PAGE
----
#777: The Colour Of My Love by Jefferson

Peak Month: October 1969
7 weeks on Vancouver’s CKLG chart
Peak Position #7
Peak Position on Billboard Hot 100 ~ #68

Geoffrey Turton  was born in Birmingham, UK, in 1944. Turton attended Turves Green Secondary Boys School. He played clarinet in the school band and it was there he met fellow clarinetist, Brian “Chuck” Botfield, around 1954. Botfield went on to Moseley College of Art and formed a skiffle band called the Bobcats. (In the late 50’s, one of the band members was Christine Perfect. She went on to become Christine McVie and was a lead vocalist for Fleetwood Mac). The Bobcats were renamed The Rockin’ Berries since they played a lot of songs by American R&B singer and guitar player, Chuck Berry. Meanwhile, Geoff Turton was in another band called The Swinging Chimes. The Rockin’ Berries had a tour to Germany, but had failed to land a record contract. Some of the band members departed and Chuck Botfield asked Geoffrey Turton to join the band ahead of the German tour. Turton remembers, “I got the call from Chuck right out of the blue so I literally downed tools – I was working in a factory as a toolmaker – and flew out to Germany to join them.”

Once they got to Germany Turton found the band was playing six-hour sets at concert halls. This was too hard for lead singer, Clive Lea, to do all the singing. “I’d never really sung before, just played the guitar. We…needed more than one singer. Clive was doing all the lead vocals at that time, I was doing back-ups and so I tried a few things out. We suddenly found that I could sing in this falsetto. The first thing I did on stage was Frank Ifield’s hit ‘I Remember You’,” explains Turton. When they returned home to Birmingham the band soon got a record contract with Decca. They had several Top Ten hits in the UK. The first was “He’s In Town,” in October 1964, featuring Geoff Turton’s falsetto. The Carole King-Gerry Goffin song was a cover of a tune first recorded by The Tokens (#43 on Billboard Hot 100). While “He’s In Town” climbed to #3 in the UK, The Rockin’ Berries were an opening act on tour with headliners, Bill Haley & The Comets and Manfred Mann. Geoff Turton recalls, “We really couldn’t believe it when it first happened to us. It was the last thing we expected. We knew all about the screamers of course because of all the hit groups and singers we’d been supporting and touring with. We just couldn’t hear ourselves playing or singing!”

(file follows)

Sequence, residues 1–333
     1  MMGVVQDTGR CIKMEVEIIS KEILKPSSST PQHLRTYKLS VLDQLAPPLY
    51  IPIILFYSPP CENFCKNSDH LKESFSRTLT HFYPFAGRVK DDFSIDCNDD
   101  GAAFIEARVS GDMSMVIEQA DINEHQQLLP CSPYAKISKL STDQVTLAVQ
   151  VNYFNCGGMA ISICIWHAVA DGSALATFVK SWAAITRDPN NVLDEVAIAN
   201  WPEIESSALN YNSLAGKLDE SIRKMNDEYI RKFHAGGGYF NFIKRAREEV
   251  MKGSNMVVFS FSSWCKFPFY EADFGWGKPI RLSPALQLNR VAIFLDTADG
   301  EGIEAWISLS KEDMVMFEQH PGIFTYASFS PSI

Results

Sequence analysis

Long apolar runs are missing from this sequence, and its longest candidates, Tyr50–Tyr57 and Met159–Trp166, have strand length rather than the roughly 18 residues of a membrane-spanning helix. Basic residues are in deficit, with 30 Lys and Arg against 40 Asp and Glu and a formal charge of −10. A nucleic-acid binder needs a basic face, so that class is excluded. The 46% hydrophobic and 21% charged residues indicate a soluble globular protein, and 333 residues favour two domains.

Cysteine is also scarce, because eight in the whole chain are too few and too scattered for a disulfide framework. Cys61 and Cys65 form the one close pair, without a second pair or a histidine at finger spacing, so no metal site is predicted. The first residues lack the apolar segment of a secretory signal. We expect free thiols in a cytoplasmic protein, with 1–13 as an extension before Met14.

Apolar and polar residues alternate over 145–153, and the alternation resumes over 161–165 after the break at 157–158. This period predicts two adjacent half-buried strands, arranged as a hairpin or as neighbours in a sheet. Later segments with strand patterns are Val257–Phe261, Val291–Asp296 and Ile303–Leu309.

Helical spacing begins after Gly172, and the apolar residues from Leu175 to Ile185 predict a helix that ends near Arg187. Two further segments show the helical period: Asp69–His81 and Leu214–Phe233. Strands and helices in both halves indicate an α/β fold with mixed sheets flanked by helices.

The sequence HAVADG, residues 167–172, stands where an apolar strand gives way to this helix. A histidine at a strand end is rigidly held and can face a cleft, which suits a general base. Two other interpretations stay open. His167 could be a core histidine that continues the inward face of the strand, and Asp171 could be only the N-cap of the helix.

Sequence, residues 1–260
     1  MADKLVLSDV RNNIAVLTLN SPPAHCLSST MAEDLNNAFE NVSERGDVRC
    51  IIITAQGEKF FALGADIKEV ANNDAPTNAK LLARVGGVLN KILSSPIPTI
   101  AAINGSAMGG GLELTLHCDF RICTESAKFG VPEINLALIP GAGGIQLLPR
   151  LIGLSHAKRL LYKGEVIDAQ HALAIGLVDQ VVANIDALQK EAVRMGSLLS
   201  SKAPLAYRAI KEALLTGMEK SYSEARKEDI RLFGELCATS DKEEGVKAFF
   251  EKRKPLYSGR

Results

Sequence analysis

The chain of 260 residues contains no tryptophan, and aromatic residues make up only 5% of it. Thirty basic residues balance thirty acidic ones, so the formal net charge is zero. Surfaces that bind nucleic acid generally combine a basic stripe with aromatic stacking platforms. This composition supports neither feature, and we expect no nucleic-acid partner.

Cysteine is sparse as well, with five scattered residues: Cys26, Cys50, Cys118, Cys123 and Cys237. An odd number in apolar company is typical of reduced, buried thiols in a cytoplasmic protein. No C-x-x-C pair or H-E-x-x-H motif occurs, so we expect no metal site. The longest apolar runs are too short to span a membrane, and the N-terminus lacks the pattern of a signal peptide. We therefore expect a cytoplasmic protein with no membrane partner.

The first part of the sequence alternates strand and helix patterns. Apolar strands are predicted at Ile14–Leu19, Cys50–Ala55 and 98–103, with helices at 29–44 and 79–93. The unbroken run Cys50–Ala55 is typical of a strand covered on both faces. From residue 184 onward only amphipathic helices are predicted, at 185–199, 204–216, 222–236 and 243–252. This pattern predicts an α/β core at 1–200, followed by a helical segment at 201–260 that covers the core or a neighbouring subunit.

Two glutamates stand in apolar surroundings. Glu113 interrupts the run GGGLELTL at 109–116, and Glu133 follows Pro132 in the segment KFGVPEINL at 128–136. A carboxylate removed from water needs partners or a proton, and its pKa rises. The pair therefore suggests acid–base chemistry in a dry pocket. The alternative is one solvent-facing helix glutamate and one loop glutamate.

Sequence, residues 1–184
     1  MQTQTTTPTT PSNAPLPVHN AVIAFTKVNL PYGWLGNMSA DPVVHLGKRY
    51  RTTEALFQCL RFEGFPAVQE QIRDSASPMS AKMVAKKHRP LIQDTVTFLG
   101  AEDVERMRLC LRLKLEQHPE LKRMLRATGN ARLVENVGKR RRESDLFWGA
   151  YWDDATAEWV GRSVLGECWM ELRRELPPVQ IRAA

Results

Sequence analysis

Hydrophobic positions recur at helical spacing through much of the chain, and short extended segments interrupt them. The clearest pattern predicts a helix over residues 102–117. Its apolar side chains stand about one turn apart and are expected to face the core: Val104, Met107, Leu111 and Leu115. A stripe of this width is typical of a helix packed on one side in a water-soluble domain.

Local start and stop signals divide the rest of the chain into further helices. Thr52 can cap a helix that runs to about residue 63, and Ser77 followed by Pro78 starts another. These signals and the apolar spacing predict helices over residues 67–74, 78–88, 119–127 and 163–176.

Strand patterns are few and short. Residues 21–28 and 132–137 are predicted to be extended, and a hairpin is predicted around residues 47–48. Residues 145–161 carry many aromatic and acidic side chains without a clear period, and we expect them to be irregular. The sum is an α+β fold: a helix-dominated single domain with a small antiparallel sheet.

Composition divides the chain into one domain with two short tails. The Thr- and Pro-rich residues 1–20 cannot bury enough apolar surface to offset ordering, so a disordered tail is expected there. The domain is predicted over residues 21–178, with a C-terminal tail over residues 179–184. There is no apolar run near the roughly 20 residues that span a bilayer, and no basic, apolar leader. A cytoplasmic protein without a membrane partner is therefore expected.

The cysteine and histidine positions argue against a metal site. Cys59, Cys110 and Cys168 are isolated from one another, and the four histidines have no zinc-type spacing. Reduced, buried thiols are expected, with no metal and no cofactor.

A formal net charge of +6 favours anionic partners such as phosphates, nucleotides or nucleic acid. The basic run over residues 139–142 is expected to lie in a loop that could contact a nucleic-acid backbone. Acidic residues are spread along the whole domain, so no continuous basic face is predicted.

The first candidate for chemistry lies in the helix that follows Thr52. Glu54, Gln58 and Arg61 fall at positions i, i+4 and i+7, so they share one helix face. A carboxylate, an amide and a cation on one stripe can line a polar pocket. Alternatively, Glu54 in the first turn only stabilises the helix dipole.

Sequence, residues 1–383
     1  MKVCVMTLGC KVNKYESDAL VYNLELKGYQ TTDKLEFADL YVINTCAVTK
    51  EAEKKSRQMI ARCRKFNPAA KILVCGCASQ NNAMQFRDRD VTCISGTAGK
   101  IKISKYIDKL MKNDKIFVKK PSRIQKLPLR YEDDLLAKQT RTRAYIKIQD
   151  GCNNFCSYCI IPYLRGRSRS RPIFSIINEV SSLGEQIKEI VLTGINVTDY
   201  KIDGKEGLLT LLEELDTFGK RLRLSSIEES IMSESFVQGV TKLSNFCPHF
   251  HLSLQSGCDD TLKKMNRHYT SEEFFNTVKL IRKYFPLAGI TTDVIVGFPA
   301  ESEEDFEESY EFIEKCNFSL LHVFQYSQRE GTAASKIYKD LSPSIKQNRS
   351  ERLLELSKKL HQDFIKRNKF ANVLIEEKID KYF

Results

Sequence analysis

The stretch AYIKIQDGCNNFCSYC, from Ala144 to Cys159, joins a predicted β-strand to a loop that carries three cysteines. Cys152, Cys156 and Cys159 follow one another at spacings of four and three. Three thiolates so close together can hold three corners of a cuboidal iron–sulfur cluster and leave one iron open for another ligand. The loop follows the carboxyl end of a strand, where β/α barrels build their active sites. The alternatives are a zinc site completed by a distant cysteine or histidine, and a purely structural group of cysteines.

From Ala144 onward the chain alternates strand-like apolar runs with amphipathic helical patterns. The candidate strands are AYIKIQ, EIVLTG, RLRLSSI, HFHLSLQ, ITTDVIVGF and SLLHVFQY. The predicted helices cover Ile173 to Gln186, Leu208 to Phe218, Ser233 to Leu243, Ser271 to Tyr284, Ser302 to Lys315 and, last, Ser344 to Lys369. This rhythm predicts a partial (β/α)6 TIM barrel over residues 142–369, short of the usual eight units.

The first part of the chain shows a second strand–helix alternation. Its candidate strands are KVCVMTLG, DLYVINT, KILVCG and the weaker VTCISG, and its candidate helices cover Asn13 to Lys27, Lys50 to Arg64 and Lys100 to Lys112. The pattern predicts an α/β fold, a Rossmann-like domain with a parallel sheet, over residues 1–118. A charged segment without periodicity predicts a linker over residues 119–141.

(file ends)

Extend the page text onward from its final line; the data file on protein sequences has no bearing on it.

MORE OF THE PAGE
Most of the singles The Rockin’ Berries released were covers of recording artists from the USA and Canada. The band had one more Top Ten triumph covering a minor hit for the Detroit band, The Reflections, of “(Just Like) Romeo And Juliette” fame. The Reflections’ single “Poor Man’s Son,” was recorded by The Rockin’ Berries and climbed to #5 on the British charts. However, their star began to fade. By early 1966 they scored their final Top 50 hit. Though they released another eight singles, they were all commercial failures. Among these was “Smile,” a cover of the Charlie Chaplin classic. While other British recording artists became part of the British Invasion in the mid-60’s, The Rockin’ Berries focused on cabaret performances in Britain.

Geoff Turton left The Rockin’ Berries at the end of 1966 to focus on family commitments. Turton went solo in 1968 and released a single that was a flop. Picadilly Records advised Turton to change his stage name to Jefferson. With a new pop music persona he released “Colour Of My Love.” The single was a hit in the UK, peaking at #22, and reaching #68 on the Billboard charts. It peaked at #7 in Vancouver.

The Colour Of My Love by Jefferson

Her hair was the colour of the sun,
was the colour of her eyes, was the colour of my own true love.
Her hair was the colour of the sun,